Tools You Need To Mix Drywall Mud Correctly

Tools You Need To Mix Drywall Mud Correctly

Aside from the tools needed during a drywall project, mud matters the most. Whether you’re dealing with a large-scale project, such as a basement remodel, or something smaller, like patching up a few holes, the compound needs mixing to perfection. And it takes more than elbow grease to get the mixture right. Here are three tools all contractors need to mix drywall correctly.

The Set Up

Before we tell you all about the tools you’ll need, let’s begin with the setup. There are premixed muds out there, but if you prefer to do it yourself, you’ll need some compound, a bucket, and water. Professionals stick with box mud because it’s cheaper and easier to use than bucket mud.

Grab an empty bucket with a decent height. Chances are the bucket has seen some wear and tear; just make sure there are no cracks in the bottom or along the sides. Clean and remove any leftover compound in the bucket to prepare for a fresh batch.

Next, lift the boxed mud and place it at the edge of the bucket. Delicately balance it on the edge and tilt the box to dump the compound inside. Depending on the size of your job, you either want to dump all or a portion of the contents into the bucket.

Half a Box

Say you have a compound that’s too thin, and you need to thicken it up. Take the box of mud and only add half to the compound. Place the box at the edge of the bucket and shake the contents into the compound. Use your fingers to scoop out the desired amount.

Take the mixing mud paddle and turn the drill to a medium setting. Let it run until the compound thickens and you see no air bubbles. If you happen to make the compound too thick, keep a soaked rag nearby and squeeze a little water into the compound at a time.

Keep the sponge or rag close for the entire project. You’ll likely need to add water to the compound, as it will dry up as time passes.

Now that you know how to prepare your drywall mixture let’s move on to the three tools you’ll need to mix drywall mud correctly.

Power Mixing Paddle

Take the mud in your hands to test how thick and dry it is. You can get a better feel for its texture and check for air bubbles in the compound if you pull it apart. You’ll want to remove all the air bubbles as they can make your drywall mud thick and difficult to handle.

Mixing it manually at first will be extremely difficult and tire you out before the job even starts. Get a nice powerful mixing paddle to start. Have a separate bucket of water nearby and add a hefty amount to the compound if the mud is extra thick.

The drywall mud mixing paddle attaches to a drill, but don’t turn it on just yet. If the compound is extremely thick, you’ll need to manually chop it up before mixing. Lift and slam the paddle into the mud to help the water seep through and break up the compound.

Operation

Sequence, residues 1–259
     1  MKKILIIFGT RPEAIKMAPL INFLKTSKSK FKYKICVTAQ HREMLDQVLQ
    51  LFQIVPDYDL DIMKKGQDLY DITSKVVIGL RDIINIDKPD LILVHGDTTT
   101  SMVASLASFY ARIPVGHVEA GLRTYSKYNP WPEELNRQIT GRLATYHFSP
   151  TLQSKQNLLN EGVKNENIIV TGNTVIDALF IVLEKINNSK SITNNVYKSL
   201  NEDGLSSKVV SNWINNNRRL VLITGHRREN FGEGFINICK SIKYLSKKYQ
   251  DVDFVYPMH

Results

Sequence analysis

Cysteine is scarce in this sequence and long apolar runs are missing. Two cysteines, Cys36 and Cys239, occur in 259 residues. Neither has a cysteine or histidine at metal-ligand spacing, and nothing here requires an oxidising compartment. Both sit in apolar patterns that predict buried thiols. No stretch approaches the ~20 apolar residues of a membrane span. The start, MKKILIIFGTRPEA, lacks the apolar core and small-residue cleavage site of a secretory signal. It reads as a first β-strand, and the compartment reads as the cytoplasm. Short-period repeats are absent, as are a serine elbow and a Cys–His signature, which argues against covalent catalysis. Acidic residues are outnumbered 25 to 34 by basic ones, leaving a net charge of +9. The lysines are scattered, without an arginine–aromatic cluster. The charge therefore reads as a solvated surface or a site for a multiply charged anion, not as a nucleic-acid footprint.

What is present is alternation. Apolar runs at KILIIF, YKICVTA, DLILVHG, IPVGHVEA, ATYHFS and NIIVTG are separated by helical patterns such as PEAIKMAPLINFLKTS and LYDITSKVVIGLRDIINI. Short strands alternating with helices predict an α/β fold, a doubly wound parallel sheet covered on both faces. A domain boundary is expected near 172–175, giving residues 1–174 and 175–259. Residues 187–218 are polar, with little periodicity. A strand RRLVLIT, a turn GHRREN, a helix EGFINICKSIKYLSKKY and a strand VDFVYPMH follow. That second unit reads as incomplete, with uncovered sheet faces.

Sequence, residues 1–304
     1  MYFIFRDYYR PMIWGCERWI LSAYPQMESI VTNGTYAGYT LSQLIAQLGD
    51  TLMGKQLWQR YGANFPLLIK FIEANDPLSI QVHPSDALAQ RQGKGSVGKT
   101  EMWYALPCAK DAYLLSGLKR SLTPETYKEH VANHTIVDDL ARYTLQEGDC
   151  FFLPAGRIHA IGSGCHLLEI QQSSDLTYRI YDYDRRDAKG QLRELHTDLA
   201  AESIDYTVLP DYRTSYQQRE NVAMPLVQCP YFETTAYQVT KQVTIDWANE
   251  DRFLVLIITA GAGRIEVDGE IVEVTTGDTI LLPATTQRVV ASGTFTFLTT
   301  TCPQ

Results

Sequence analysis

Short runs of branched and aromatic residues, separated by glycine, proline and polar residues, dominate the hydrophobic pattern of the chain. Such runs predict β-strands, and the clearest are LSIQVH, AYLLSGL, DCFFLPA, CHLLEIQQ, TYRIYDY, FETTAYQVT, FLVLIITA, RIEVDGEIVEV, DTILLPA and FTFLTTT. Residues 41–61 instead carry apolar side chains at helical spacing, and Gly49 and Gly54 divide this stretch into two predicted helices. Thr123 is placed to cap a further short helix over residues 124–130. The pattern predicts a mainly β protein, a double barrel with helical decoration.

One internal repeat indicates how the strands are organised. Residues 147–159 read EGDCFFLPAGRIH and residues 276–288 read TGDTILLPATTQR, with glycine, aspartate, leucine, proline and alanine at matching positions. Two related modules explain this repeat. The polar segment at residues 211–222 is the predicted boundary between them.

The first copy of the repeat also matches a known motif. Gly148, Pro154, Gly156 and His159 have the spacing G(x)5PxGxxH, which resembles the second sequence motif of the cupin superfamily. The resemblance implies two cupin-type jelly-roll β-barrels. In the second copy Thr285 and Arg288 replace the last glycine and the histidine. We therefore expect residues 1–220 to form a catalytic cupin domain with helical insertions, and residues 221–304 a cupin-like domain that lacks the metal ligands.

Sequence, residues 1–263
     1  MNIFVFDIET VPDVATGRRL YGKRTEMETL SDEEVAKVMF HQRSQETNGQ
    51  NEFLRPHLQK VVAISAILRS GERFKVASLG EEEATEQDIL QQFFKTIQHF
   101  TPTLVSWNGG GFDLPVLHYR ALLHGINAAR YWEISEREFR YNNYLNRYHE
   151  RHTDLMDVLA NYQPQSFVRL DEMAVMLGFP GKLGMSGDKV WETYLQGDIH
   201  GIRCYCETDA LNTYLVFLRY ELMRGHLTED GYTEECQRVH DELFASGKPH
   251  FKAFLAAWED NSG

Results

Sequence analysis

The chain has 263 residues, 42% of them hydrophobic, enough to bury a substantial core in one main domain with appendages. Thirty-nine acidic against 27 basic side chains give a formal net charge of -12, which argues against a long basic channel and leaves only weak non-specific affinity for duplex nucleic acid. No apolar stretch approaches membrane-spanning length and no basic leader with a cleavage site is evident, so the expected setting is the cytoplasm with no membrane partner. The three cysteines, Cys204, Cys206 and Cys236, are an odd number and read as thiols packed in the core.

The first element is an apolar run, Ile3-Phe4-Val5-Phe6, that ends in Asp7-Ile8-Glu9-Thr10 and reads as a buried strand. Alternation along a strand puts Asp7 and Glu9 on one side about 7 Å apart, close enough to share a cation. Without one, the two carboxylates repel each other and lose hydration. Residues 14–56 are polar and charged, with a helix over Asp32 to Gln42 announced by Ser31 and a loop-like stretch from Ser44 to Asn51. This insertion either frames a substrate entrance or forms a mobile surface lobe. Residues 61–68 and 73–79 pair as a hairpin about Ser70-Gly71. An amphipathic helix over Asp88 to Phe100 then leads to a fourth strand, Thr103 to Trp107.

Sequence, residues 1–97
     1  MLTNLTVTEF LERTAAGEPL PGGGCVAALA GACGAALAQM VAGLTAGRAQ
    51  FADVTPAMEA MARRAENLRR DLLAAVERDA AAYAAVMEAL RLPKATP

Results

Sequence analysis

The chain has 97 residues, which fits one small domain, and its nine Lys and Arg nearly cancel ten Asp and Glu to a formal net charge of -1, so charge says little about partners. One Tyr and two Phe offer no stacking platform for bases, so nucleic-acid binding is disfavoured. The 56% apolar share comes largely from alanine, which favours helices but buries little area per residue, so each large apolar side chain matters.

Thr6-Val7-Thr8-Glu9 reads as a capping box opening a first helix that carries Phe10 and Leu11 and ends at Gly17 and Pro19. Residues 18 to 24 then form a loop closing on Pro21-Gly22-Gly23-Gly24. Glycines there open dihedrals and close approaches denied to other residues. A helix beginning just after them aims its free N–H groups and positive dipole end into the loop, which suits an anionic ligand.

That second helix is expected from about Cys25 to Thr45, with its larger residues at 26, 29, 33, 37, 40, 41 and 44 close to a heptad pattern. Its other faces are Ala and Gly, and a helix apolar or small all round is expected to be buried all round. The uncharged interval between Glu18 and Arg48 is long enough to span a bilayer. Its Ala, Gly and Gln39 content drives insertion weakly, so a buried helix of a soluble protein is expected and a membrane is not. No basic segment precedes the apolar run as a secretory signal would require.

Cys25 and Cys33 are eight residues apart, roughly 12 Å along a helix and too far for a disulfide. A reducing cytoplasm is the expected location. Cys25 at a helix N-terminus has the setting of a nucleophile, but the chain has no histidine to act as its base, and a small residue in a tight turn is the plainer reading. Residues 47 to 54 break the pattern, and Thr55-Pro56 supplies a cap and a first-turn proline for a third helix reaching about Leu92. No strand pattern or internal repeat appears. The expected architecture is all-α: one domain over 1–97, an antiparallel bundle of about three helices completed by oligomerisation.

Once you’ve spent a couple of minutes manually breaking up the mud, place the bucket between your legs to hold it steady. Do not place your foot on top of the bucket. Such action is a safety risk.

Turn the drill on the lowest setting and give it a couple of quick spins. Don’t let it run consistently, as the mud will spill out and seep onto the floor. Keep the paddle at the bottom of the bucket to start, then slowly move to the mud’s surface. Turn up the speed if you need better results.

Wal-Board Square Head Hand Mixer

There are some smaller-scale projects where you won’t need to mix the mud with the mixing paddle. For those projects, use the Wal-board square head hand mixer. This tool has an all-steel head and epoxy-bonded construction with a wooden handle.

Manufacturers designed the handle to be comfortable with a metal ferrule. The standard size of the head is 5 x 5 ½ inches. You can use this tool for large-scale projects, but the process will be time-consuming. Some contractors use this tool in combination with the mixing paddle.

Use the same motion you did with the mixing paddle but stay consistent until you reach the desired texture. It might start to look smooth, but the smoothness at the top could mean there is too much water. You’ll need to reach down and pull the compound at the bottom of the bucket upward. Make sure there is a limited number of bubbles in the mix.

Drywall Mud Pan

The drywall mud pan is smaller than the bucket, but it’s still a good tool to have in your box. At Timothy’s Toolbox, we’re all about preparing you for the job—including supplying you with the proper finishing tools.

A drywall mud pan is essential for construction projects as you can rely on it to carry the mud instead of carrying it yourself. All professionals look for stainless steel mud pans to avoid rust and keep your product long-lasting. A shorter pan is easier to use because drywallers carry their mud with them most of the day. A lighter weight is always preferable.

You’ll need a set of taping knives along with the mud pan. Make sure the mud is in the right texture before adding it to the pan. Use a twenty-inch knife and a twenty-two-inch pan to avoid trowel texture. You didn’t mix that mud perfectly for the application to look lumpy and uneven.

There’s no such thing as perfection, but you want to come as close to it as possible when it comes to your compound. The mud is the foundation, and if that starts shaky, then the rest of the job won’t go over smoothly. Shop with Timothy’s Toolbox today and purchase the tools you need to mix drywall mud correctly.

Tools You Need To Mix Drywall Mud Correctly

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